It’s estimated that 3.2 billion people watched at least one minute of the 2010 World Cup, and this year’s World Cup is expected to top that number. With more viewers comes more interaction on social media platforms, a fact that brands on Twitter can capitalize on.
In the beginning of the World Cup’s existence, it was common to watch or listen to the game on TV or on the radio. Commentators shared their analysis and opinions with listeners before, during and after the game. Naturally, while watching the game, people discuss it and share their reactions, hopes and predictions. In the same way that social media platforms changed how coverage and recaps of games are shared after the fact, they also altered how viewers behave when watching the games themselves. According to a Statista survey studying second screen usage during World Cup games, 51 percent of viewers are likely to be on social media platforms while watching any given game.
Find more statistics at Statista
On June 10th, 2014, Facebook and Twitter launched social media campaigns to encourage World Cup viewers to take their discussion of games onto their respective platforms. Facebook implemented a Trending World Cup page, featuring match highlights, an interactive global map showing the Facebook popularity of top World Cup players, and even a feed with comments made by friends and journalists discussing the event. Twitter also brought back an old feature called hashflags, where users viewed a scoreboard and read or participated in conversations about events on the platform. This landing page was accessed by users through the hashtags #WorldCup and #WorldCup2014. This feature, also popular during the 2018 World Cup, allows users to visually support their favorite national teams with icons.
With games from the group stage having garnered a large amount of attention on the platform, it seems like the 2018 World Cup is on track to break this standing record.
During the 2018 World Cup, Twitter’s data analytics account has been busy monitoring and sharing which moments from games yield the highest amount of Twitter activity, sharing new information with Twitter users nearly every day. From June 14- 28, over 200,000 users turned to Twitter to share immediate reactions in heated moments of games, such as when Coutinho scored the first goal of the Brazil v. Croatia game on June 22nd. In the group stage, the minutes with the highest amount of tweets per minute related to goals scored by Brazil, which aligns with the fact that the Brazil v. México match on July 2nd, which resulted in México being eliminated, was the most tweeted about match so far in this year's World Cup.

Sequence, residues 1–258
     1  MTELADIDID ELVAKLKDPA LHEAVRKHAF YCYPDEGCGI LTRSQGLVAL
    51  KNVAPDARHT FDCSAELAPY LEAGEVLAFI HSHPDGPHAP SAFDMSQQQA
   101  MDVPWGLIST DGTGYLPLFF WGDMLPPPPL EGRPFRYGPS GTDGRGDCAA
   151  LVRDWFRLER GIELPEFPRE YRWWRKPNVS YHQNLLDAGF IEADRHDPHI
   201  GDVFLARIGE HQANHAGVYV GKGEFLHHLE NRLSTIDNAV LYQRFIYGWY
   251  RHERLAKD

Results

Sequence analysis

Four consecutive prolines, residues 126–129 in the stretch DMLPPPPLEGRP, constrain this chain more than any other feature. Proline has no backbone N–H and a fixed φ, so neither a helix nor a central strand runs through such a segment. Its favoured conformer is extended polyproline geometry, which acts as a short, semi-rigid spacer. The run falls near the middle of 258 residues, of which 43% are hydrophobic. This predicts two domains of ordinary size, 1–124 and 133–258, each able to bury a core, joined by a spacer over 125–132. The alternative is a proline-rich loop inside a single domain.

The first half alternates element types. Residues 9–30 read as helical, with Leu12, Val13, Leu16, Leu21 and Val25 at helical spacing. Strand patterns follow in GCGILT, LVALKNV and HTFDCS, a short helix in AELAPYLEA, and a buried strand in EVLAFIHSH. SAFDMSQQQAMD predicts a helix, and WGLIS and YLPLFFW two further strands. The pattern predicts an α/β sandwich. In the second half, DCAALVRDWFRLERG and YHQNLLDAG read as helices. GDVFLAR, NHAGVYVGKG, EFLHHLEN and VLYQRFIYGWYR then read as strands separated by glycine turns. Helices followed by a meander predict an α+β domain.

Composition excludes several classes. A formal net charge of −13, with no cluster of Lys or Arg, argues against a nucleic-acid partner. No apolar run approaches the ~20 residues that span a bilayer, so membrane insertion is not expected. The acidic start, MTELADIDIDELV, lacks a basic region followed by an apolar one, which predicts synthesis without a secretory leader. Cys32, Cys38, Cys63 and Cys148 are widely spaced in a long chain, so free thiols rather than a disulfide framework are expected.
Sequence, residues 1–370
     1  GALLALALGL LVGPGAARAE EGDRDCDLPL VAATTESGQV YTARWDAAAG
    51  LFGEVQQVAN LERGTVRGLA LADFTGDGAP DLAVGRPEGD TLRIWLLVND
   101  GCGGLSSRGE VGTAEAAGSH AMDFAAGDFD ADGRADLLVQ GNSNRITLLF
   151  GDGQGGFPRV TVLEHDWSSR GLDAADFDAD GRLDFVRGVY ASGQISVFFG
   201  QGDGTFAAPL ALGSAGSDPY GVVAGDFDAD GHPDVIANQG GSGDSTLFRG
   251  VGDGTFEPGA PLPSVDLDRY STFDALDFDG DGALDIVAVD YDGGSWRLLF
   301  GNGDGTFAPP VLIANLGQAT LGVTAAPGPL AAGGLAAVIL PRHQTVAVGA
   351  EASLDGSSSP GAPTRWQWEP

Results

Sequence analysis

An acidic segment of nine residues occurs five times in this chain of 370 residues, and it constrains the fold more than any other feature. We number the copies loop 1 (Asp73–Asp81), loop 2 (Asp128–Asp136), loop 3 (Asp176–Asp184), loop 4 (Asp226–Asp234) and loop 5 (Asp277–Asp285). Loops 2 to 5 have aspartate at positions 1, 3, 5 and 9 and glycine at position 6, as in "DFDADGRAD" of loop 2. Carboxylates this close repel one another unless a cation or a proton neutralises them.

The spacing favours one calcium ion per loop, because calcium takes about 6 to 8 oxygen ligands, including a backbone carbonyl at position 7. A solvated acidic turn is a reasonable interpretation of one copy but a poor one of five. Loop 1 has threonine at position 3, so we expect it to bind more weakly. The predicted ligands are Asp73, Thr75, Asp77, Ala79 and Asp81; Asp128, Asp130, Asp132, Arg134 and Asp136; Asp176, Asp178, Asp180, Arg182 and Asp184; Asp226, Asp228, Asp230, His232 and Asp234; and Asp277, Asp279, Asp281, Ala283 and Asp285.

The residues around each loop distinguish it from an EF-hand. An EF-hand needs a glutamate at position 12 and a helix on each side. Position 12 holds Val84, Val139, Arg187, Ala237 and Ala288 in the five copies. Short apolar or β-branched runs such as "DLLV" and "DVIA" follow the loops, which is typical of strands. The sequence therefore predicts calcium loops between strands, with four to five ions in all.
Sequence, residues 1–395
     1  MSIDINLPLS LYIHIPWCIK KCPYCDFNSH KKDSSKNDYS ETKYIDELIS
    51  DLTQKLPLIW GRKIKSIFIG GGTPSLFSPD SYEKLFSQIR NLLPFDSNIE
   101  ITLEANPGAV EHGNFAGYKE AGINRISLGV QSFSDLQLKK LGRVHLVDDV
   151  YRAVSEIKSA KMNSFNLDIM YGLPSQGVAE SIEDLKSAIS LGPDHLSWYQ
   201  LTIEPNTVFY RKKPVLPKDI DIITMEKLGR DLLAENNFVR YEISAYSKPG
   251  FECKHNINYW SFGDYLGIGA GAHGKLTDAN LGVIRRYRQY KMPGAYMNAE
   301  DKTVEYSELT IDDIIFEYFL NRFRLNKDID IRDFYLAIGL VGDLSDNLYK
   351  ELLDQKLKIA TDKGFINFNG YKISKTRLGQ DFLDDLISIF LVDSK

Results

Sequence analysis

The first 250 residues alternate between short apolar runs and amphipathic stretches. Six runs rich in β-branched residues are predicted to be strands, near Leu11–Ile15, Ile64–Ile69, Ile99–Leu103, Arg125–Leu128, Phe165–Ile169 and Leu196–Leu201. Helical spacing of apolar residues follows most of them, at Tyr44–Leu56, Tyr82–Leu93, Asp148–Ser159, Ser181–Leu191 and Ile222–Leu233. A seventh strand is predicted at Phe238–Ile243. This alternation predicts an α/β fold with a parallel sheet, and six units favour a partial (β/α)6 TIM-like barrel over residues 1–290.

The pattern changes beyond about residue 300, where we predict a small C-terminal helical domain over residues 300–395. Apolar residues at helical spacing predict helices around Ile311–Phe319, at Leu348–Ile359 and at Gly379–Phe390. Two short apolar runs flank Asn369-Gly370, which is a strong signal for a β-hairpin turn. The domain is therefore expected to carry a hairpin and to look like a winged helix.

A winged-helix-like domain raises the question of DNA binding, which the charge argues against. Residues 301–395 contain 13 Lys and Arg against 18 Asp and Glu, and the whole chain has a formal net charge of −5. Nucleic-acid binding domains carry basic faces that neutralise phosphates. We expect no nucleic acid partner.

31 of the 146 goals scored in this year's World Cup (21%) have been scored after the 80th minute, which caused a spike in the amount of Twitter engagement towards the end of games through the final whistle. This heightened attention being called to the very end of games is also reflected by a spike in Twitter activity directly following the final whistle of World Cup games. Since the final whistle simultaneously indicates a team being victorious and another team being eliminated, this moment at the culmination of games typically sees high levels of Twitter activity. After México was eliminated, Twitter saw a sudden spike of Tweets stating "gracias," sometimes attaching "#MEX" as fans came to Twitter to thank the team in a simple fashion.
According to Twitter data analytics, the match between Brazil and Costa Rica as well as the match between Germany and South Korea saw the most conversation on Twitter during the Group Stage, and 4 of the top 5 tweeted moments came from these two games, measured in number of Tweets per minute. Considering these statistics, turning to Twitter to share reactions is somewhat natural for viewers, which will only continue as the tournament enters the knockout stage and the action becomes increasingly gripping as the remaining countries fight for the title.
Brazil’s Neymar Jr. is the most mentioned #WorldCup player so far on Twitter, followed by Argentina’s Lionel Messi and Portugal’s Cristiano Ronaldo.
And these stars are the players most often paired in Tweets with the "goat" emoji (as a reference to Greatest Of All Time):
- Lionel Messi (Argentina)
- Cristiano Ronaldo (Portugal; @Cristiano)
- Guillermo Ochoa (Mexico; @yosoy8a)
A complete analysis and additional stats by the Blog TalkWalker can be found here.